In short, both will work just fine. However when using the connectionstrings section of your config file, you also have access to the providername attribute, which allows you to specify the data provider type for your connection (http://msdn.microsoft.com/en-US/library/htw9h4z3(v=VS.80).aspx).
Additionally, the connection string is a "string", but within .NET, there is also a parser that allows you to build up or break down connectionstrings, for example, SQL has the SqlConnectionStringBuilder class - http://msdn.microsoft.com/query/dev12.query?appId=Dev12IDEF1&l=EN-US&k=k(System.Data.SqlClient.SqlConnectionStringBuilder);k(TargetFrameworkMoniker-.NETFramework,Version%3Dv4.5);k(DevLang-VB)&rd=true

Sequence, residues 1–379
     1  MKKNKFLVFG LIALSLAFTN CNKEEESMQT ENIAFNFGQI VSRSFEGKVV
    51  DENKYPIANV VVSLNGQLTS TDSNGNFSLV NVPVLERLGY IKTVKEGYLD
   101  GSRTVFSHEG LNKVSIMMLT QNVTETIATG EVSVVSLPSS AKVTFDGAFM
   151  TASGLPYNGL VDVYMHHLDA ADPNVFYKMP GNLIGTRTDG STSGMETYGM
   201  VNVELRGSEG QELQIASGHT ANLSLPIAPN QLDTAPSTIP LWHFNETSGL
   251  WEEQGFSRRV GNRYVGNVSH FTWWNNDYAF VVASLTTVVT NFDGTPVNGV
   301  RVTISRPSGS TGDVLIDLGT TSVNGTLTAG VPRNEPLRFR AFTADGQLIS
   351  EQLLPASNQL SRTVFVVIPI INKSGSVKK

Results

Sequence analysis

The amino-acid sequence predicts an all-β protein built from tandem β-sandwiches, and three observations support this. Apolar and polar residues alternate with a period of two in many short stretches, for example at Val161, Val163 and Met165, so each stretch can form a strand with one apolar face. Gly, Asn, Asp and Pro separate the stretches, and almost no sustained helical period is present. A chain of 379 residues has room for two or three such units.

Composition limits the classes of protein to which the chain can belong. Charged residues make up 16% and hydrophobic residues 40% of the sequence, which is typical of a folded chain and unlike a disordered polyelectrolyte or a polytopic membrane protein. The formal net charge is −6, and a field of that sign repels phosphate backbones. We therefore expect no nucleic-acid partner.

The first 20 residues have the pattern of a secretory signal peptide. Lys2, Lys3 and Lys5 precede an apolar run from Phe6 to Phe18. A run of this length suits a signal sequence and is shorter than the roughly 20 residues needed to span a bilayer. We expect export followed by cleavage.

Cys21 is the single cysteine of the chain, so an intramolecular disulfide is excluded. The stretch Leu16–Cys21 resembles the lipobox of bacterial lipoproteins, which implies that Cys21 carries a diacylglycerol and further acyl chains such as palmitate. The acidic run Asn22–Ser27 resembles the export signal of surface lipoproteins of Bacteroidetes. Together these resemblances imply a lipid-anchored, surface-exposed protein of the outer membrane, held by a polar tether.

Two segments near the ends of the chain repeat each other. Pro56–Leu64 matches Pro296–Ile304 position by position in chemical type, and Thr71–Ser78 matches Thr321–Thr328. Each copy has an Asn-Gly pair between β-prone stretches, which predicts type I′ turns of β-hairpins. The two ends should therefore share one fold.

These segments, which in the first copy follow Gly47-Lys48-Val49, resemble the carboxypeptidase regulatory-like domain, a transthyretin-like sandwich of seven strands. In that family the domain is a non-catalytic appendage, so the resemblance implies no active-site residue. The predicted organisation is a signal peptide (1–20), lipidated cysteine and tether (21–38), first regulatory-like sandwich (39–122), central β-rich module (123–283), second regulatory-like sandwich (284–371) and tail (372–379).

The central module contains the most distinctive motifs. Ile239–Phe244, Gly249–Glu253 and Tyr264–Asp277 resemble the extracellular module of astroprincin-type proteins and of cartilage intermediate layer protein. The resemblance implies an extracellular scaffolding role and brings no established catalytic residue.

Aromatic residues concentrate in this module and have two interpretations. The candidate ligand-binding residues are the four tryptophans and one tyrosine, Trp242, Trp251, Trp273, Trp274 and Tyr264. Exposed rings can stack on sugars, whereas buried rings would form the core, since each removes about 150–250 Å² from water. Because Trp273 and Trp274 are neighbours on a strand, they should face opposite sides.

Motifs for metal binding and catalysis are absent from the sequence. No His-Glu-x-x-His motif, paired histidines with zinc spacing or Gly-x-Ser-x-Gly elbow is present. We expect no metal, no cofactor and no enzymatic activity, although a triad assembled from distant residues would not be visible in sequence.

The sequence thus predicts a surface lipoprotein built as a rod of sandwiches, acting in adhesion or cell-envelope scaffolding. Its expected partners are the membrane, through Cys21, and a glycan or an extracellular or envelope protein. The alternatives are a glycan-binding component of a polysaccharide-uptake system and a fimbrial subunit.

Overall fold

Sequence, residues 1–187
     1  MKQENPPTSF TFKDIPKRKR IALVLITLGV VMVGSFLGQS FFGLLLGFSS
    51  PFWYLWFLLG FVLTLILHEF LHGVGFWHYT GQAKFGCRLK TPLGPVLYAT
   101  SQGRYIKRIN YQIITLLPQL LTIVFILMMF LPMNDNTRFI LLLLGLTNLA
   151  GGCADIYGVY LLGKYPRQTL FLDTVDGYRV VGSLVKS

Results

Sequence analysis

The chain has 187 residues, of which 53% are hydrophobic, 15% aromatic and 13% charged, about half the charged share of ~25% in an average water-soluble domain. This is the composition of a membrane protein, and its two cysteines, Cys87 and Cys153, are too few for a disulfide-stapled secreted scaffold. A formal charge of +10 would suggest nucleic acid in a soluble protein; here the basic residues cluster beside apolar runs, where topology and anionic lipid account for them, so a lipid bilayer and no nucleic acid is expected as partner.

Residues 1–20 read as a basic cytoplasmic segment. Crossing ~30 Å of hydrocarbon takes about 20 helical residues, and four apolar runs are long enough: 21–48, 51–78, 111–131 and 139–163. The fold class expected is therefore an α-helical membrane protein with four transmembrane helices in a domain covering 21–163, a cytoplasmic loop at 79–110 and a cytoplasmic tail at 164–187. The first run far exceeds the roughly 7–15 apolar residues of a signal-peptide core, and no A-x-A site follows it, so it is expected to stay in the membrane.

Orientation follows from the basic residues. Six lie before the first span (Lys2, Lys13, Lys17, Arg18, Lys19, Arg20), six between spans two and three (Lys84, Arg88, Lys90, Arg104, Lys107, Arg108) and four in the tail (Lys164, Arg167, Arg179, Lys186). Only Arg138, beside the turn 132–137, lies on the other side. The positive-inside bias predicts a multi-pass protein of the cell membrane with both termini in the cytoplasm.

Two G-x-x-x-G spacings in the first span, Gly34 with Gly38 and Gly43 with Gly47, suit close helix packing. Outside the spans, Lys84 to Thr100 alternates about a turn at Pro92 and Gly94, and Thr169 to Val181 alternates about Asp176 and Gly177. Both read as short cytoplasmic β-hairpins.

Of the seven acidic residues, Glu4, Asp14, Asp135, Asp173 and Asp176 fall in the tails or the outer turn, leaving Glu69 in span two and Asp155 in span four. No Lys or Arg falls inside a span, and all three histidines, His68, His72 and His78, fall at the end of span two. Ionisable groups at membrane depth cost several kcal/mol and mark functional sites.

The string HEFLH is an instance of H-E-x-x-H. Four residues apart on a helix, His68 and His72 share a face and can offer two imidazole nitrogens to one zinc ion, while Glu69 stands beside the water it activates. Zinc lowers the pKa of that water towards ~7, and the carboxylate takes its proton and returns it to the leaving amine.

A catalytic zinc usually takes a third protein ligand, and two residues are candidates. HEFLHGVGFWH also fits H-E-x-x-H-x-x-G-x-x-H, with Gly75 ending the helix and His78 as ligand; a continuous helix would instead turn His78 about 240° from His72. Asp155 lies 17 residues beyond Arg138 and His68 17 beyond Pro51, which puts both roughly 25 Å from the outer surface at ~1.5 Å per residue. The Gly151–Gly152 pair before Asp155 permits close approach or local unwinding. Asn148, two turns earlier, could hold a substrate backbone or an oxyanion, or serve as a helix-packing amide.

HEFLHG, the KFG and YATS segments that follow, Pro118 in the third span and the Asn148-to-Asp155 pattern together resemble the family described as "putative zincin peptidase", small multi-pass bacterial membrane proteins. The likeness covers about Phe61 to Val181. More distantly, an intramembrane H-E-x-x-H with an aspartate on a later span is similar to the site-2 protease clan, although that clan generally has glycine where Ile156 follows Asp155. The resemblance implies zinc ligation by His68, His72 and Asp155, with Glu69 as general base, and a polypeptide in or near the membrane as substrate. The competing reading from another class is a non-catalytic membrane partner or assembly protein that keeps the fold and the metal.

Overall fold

So using the parser, you can feed it your connection string and then request the various properties making up your connection string (such as, if you wanted to know the database name).
Some of you reading this may say "that doesn't have to be in the connection strings section of your web.config, it can be a string stored anywhere!". To that I say, you are correct, but if you are maintaining a config file, isn't it nice and neat and tidy to just keep your connection strings separate from your app settings?